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The teachers who shaped our world

  • Published at 06:25 pm January 22nd, 2019
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Nonfiction

These are a collage of memories, reflections of an individual who has seen men and women of knowledge pass into the Great Beyond.

These are not stories and yet they are a story of teachers who, having imbued their pupils with ideas and thoughts and idealism, are today part of the tradition which goes into an enriching of the academic landscape of this country.

For me, indeed for those boys and girls who are today men and women in their sixties, who entered the Department of English of Dhaka University in the mid-1970s and left in the early 1980s, those teachers we have lost to the inevitability of time and mortality remain as poignant a presence today as they were in those early days in the department when we thought the world was ours to shape and forge into a universe in line with our specifications.

Those teachers were our world. The universe we built in the placidity of their long shadows is one we have not let go of. For obvious reasons. For perfectly valid reasons.

In Professor Ahsanul Haque was reflected the image of a teacher you could imagine in the distant climes of Oxford. He was soft-spoken, humble and every inch symbolic of wisdom. In his tutorial classes, as we looked outside the window and observed the afternoon breeze create melody among the leaves on the tree outside almost hugging the walls of the room, we explored the depths of literature as it had come to define aesthetics around the world. Haque explored Victorian literature or Chaucer, but that was not the radius he confined himself to. He was forever going beyond the theme under discussion. And we emerged somewhat wiser from his discourse.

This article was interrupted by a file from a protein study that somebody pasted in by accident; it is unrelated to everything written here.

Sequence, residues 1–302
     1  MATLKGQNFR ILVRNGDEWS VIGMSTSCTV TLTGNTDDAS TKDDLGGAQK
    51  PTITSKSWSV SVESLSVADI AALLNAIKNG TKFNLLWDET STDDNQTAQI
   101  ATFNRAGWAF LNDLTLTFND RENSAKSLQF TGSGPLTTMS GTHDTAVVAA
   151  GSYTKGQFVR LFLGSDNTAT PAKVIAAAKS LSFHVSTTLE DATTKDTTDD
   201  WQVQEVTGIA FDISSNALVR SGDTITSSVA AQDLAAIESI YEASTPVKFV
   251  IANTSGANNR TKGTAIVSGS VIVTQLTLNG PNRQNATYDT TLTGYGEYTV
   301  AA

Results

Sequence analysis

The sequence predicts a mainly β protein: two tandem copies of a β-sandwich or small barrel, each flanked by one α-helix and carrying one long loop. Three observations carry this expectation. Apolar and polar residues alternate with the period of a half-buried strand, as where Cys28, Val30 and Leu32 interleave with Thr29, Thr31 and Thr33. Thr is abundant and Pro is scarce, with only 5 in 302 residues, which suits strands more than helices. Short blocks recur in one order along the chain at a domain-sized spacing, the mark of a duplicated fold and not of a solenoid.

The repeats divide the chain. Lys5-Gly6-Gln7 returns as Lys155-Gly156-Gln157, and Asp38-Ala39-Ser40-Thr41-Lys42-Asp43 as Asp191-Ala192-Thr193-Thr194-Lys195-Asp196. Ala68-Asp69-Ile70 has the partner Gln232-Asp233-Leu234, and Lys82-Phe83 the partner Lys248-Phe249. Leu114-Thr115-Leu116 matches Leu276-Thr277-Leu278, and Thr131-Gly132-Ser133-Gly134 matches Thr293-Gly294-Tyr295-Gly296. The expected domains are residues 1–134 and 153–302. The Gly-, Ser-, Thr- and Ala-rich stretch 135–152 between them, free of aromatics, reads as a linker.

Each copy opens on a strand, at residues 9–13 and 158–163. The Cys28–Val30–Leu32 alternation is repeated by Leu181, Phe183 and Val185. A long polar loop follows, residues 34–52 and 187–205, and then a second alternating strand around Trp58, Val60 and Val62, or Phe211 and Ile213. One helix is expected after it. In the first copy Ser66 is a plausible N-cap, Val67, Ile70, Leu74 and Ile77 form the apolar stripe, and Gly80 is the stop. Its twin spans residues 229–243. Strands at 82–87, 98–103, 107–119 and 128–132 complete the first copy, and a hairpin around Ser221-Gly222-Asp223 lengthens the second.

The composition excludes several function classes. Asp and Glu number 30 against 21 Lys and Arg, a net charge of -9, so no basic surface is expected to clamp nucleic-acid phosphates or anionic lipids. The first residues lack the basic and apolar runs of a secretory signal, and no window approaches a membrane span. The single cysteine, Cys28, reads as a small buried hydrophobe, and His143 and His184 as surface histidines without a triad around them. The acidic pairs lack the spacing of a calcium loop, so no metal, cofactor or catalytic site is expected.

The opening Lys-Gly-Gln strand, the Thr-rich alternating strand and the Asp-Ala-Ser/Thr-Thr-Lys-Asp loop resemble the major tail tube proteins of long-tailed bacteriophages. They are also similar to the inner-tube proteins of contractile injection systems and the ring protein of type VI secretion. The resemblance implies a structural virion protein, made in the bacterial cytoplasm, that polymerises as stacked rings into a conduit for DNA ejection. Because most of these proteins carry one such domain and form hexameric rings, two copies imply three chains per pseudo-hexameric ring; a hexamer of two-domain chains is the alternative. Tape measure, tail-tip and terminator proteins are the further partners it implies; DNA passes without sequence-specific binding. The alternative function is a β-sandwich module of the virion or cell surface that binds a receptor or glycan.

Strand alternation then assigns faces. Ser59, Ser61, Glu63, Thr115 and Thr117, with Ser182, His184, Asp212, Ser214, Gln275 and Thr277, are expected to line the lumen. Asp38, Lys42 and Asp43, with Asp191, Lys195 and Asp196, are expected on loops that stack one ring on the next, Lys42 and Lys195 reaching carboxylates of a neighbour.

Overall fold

If Ahsanul Haque was emblematic of a proper don in the mould of distant Oxford, there was Imtiaz Habib, confidence dripping from all of him, a mastery of the subject he happened to be instructing us on that we did not miss. There are often teachers who make light of the serious themes students are confronted with, the lightness being in the form of breaking down barriers—of language, of nuances, of symbolisms—in observations of poetry. Professor Imtiaz Habib fell into that category of academics. Our understanding of Metaphysical Poetry, indeed our appreciation of John Donne and Andrew Marvell and of every other poet in that class was made easier through Habib’s parsing of the ideas which underpinned the poetry. Habib smiled in class but rarely. There was something of the stern in his character, an attitude we initially feared but soon came to respect. Many among us who went for stints in teaching after university attempted emulating him. We could not fill the big boots Imtiaz Habib wore.

One of the gentlest of teachers we lost to time a long time ago was Professor Shamsuddoha. Where our readings of Jonathan Swift, especially Gulliver’s Travels, in school had been mere passages through story-telling, in Shamsuddoha’s hands they were a journey of political discovery into the world the writer inhabited in his time. It was in Shamsuddoha’s classes that we took some significant strides into a comprehension of political symbolism, indeed grasped the deeper meanings which lay beyond the black and white of literary narrative. In the short walks he took between the classroom and his office, head bowed in thought, we spotted a proper man of literature.